Monday, June 18, 2012

BHL and text-mining: some ideas

Some quick notes on possibilities for text-mining BHL (in rough order of priority). Any text-mining would have to be robust to OCR errors. I've created a group of OCR-related papers on Mendeley:

OCR - Optical Character Recognition is a group in Computer and Information Science on Mendeley.

Improve finding taxonomic names in text in face of OCR errors

There is some published research on OCR errors that could be used to develop a tool to improve our ability to index OCR text. The outcome would be improved search in BHL (and other archives). I've touched on some of these issues earlier). One approach that looks interesting is using anagram hashing (see Reynaert, 2008), which may be a cheap way to support approximate string matching in OCR text.

Reynaert, M. (2008). Non-interactive OCR Post-correction for Giga-Scale Digitization Projects. Lecture Notes in Computer Science, 4919:617-630. doi:10.1007/978-3-540-78135-6_53 (PDF here).

Recognition and extraction of literature cited

Given an article extract all the references it cites. There's a fair amount of literature on automated citation extraction, but again we need to do this in the face of OCR errors, and enormous variability in citation styles. The outputs could help build citation indexes, and also serve as data for the "bibliography of life". The citations could also be used to help locate further articles in BHL (e.g., using BioStor's OpenURL resolver).

Improved extraction of named entities (e.g., museum specimen codes) and localities (e.g., latitude and longitudes, place names)

This would enable better geographic searches, and help start to link literature to museum specimen databases.

Automated recognition of articles within scanned volumes

My own approach to finding articles has focussed on finding articles based on citation metadata, e.g. based on article title, journal, volume, and pagination, find corresponding article in BHL:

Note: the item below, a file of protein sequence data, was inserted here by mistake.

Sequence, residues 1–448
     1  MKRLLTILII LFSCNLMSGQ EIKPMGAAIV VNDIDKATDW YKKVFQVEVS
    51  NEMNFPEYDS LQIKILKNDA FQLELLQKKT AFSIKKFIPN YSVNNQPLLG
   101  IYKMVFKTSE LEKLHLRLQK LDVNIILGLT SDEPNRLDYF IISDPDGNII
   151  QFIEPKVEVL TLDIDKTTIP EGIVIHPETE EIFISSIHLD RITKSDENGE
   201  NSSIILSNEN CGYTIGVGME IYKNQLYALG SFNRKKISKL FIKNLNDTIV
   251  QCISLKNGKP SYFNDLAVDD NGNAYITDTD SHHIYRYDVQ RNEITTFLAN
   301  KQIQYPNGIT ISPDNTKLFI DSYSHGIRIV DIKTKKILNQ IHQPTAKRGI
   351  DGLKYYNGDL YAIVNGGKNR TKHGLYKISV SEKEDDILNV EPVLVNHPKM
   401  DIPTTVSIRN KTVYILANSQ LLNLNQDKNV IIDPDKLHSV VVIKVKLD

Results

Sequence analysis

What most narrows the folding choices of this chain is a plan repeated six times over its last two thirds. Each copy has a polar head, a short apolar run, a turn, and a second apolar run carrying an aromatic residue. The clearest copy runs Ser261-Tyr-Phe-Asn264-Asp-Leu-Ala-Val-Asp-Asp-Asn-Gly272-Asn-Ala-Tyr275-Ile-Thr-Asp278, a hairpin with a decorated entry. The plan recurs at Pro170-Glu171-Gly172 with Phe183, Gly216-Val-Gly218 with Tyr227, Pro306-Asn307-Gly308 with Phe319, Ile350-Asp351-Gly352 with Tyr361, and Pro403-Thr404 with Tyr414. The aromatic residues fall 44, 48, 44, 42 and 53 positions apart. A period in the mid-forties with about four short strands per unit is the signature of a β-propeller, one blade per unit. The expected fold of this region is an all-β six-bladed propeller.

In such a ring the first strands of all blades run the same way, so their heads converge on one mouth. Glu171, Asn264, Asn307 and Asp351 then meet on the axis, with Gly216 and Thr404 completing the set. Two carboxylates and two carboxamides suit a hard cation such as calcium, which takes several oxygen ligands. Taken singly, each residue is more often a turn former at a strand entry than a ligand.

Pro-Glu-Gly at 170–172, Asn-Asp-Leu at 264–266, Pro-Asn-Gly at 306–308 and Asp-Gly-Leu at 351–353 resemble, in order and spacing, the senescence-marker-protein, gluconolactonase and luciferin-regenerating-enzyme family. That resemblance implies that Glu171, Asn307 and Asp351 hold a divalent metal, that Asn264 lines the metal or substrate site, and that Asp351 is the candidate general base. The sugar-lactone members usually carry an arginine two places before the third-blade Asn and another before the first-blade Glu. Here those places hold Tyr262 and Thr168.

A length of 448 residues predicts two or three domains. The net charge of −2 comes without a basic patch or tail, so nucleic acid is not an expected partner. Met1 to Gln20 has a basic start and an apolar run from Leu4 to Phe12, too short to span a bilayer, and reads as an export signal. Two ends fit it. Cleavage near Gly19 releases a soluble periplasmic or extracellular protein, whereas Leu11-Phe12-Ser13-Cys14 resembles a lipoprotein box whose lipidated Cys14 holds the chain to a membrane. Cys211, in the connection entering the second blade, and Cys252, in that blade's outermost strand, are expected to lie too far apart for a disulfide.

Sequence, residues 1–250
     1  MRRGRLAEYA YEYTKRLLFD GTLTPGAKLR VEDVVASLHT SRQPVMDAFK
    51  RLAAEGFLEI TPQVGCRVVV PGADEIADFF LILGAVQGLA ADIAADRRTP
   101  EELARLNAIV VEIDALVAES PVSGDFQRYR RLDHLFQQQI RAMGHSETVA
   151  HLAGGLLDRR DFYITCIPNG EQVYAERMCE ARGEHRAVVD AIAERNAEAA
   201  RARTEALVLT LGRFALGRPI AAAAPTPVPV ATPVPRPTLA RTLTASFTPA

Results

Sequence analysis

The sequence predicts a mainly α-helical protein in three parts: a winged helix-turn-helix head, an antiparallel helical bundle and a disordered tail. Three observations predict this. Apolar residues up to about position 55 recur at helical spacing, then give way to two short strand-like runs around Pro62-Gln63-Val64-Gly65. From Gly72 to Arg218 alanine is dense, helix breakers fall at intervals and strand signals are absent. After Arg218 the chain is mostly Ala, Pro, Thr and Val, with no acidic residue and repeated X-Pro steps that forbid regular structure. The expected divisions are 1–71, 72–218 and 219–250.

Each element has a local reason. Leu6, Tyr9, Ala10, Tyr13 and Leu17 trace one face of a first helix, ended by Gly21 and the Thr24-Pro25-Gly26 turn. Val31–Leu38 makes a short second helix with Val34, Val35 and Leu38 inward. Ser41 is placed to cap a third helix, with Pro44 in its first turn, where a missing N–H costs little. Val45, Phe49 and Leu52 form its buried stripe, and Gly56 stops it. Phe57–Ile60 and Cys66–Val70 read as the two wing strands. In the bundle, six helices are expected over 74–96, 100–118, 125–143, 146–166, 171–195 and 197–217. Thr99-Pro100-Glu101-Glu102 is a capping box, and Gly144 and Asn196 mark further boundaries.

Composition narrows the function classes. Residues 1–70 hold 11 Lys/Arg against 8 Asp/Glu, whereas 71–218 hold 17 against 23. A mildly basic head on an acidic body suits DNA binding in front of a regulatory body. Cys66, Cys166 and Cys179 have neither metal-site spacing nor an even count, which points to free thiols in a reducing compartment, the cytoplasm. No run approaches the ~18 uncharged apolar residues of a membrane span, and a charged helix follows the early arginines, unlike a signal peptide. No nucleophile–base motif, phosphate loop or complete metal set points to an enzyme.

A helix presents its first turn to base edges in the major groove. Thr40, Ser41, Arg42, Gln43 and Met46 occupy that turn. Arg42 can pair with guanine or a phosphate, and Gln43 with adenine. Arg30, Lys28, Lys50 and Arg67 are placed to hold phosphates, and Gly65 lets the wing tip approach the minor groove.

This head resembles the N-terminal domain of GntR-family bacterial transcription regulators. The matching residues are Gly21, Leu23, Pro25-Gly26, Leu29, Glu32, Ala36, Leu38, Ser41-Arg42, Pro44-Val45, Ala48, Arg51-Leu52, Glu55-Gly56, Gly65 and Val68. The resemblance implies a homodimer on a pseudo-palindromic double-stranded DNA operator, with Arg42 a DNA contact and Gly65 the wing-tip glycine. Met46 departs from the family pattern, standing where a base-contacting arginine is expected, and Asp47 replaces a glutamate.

Page, R. D. (2011). Extracting scientific articles from a large digital archive: BioStor and the Biodiversity Heritage Library. BMC Bioinformatics, 12(1), 187. doi:10.1186/1471-2105-12-187

An alternative is to infer articles from just the scanned pages. There has been some limited work on this in the context of BHL:

Lu, X., Kahle, B., Wang, J. Z., & Giles, C. L. (2008). A metadata generation system for scanned scientific volumes. Proceedings of the 8th ACM/IEEE-CS joint conference on Digital libraries - JCDL ’08 (p. 167). Association for Computing Machinery (ACM).
doi:10.1145/1378889.1378918 (PDF here)

The NLM has some cool stuff on automatically labelling the parts of a document, see Automated Labeling in Document Images and Ground truth data for document image analysis. See also Distance Measures for Layout-Based Document Image Retrieval.

Other links
Should also note that there's a relevant question on StackOverflow about OCR correction, which has links to tools like OCRspell:

Taghva, K., & Stofsky, E. (2001). OCRSpell: an interactive spelling correction system for OCR errors in text. International Journal on Document Analysis and Recognition, 3(3), 125–137. doi:10.1007/PL00013558

Code is on github.